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Friday, December 25, 2009

Is opposing J Street anti-Semitic?

During a visit to Jerusalem this past week, President Obumbler's head of the Office to Monitor and Combat Anti-Semitism blasted Michael Oren's remarks about the pro-Israel, pro-'peace' J-Street lobby as 'unfortunate.'
In an interview with Haaretz in Jerusalem, where Rosenthal was the administration's envoy to the Foreign Ministry's Global Forum for Combating Anti-Semitism, Rosenthal, who once served on J street's board of directors, said she opposes blurring the lines between anti-Semitism and criticism of Israel.

"It is not 1939," she said. "We have the state of Israel. We have laws in countries that are holding people accountable."
Really? Which laws? In what countries? Surely not in Sweden, for example.
While the U.S. administration embraced J Street, which lends its unqualified support to U.S. President Barack Obama, the Israeli government turned a cold shoulder to the group. Obama's national security adviser, General James Jones, gave the keynote speech at the conference, while Israel sent a low-level official, claiming that J Street works against Israel's interests.

Rosenthal, who also served on the board of directors of left-wing group Americans for Peace Now, said she believed Oren "would have learned a lot" if he had participated in J Street's conference.

"I came away realizing what a generational divide there is and I don't know how it is in Israel. Young people want to be part of the discussion, they feel they have fresh ideas and they feel that we have to end the stalemate," she said.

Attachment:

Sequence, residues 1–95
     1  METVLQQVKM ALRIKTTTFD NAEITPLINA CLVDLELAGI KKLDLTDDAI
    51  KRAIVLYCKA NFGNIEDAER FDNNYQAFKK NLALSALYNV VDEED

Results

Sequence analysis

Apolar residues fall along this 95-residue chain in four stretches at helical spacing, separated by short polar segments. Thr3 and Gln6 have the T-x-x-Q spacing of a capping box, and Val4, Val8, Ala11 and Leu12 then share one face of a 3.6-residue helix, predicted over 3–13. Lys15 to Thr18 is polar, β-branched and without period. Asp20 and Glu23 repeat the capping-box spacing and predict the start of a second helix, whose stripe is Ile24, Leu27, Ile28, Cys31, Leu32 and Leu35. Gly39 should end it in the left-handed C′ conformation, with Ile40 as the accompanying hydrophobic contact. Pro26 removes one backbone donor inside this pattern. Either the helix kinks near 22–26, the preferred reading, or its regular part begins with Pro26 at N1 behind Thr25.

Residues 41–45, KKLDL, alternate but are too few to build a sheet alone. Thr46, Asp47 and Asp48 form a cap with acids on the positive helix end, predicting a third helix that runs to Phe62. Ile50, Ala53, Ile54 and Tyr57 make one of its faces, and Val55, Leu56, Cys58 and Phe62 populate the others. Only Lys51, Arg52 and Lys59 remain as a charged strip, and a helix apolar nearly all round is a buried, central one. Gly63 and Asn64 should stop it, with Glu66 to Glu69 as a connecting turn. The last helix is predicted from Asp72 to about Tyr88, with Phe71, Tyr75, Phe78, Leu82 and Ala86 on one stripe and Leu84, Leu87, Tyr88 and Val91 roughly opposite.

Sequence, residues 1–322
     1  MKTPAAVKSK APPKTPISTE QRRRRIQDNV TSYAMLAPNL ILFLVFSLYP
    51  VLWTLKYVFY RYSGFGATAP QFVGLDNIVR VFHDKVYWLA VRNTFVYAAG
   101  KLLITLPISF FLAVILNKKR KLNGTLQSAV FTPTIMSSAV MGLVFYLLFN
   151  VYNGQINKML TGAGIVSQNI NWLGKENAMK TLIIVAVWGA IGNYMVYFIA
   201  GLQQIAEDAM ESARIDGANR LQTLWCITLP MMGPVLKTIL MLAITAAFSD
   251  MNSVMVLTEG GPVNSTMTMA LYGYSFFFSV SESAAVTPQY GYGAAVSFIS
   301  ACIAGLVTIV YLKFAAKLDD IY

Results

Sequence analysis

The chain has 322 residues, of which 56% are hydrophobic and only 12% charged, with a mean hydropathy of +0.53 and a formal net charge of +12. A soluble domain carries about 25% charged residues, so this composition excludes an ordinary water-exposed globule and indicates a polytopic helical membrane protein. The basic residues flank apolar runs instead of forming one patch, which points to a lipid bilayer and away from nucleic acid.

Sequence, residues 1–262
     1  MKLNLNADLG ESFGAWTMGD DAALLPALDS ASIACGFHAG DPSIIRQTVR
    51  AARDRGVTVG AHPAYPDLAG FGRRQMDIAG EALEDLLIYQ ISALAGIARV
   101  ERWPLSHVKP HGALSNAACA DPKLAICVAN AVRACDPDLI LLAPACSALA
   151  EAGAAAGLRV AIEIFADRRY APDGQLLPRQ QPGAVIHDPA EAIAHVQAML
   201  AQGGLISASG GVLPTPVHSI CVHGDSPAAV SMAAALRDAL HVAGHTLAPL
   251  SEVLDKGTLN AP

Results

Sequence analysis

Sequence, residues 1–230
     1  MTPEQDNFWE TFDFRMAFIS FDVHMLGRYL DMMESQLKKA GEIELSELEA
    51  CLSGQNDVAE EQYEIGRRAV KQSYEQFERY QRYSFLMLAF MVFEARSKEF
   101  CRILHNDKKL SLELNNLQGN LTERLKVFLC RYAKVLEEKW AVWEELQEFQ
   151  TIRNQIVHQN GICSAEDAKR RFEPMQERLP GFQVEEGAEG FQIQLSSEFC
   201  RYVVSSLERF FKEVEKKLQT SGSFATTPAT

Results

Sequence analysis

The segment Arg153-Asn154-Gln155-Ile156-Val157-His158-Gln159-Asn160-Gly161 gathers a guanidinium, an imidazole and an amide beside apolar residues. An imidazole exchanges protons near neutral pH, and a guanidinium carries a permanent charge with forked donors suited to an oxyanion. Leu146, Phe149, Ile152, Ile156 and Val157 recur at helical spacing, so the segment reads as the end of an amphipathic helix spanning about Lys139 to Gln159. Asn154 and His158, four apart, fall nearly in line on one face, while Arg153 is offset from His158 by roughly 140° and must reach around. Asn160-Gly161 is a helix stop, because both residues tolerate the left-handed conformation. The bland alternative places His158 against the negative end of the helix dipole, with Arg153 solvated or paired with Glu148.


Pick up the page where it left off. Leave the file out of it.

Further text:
Rosenthal strongly believes that new and different voices need to be heard regarding Israel in the American Jewish community.

"We need to have as many people coming together to try and put an end to this crisis, the matzav [situation] can not continue - it's unacceptable and that's why I always paid my membership to AIPAC, but I have always paid my membership to Americans for Peace Now - because they all need to be supported and they all need to be at the table."

"We may disagree on different paths to get there - but we need to at least admit that peace is the goal and security is the goal," she said.
The situation here may not be acceptable but the reality here is that it's not coming to an end anytime soon either. The 'Palestinians' want to obliterate us from the face of the earth. Peaceniks like Rosenthal don't get that.

Ironically, as you may recall, Michael Oren favors unilateral withdrawal from Judea and Samaria, which puts him far closer to the Obama administration's views than about 96% of Israel's Jews. But even Oren understands that opposing sanctions on Iran is over the line. Rosenthal - and her boss in the White House - apparently do not.

Rosenthal's remarks lead to the conclusion that while opposing Israel is not anti-Semitic, opposing J Street is, because it ostensibly excludes some Jews from the public political debate on Israel. She doesn't address the double standard that J Street poses by excluding all opposing viewpoints from its events. Whatever, there are some viewpoints that are so repulsive that we should not be obligated to hear them.